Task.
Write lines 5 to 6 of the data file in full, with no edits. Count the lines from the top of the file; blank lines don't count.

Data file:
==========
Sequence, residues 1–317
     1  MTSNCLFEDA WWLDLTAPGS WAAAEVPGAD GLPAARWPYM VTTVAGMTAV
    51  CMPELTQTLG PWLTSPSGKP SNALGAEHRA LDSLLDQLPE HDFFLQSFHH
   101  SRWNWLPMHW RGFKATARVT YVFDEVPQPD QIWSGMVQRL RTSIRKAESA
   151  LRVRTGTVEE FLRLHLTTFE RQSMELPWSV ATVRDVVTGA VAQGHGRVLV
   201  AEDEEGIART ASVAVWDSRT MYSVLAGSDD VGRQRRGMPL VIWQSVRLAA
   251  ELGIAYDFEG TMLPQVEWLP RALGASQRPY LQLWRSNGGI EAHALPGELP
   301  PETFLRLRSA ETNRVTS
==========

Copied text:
   151  LRVRTGTVEE FLRLHLTTFE RQSMELPWSV ATVRDVVTGA VAQGHGRVLV
   201  AEDEEGIART ASVAVWDSRT MYSVLAGSDD VGRQRRGMPL VIWQSVRLAA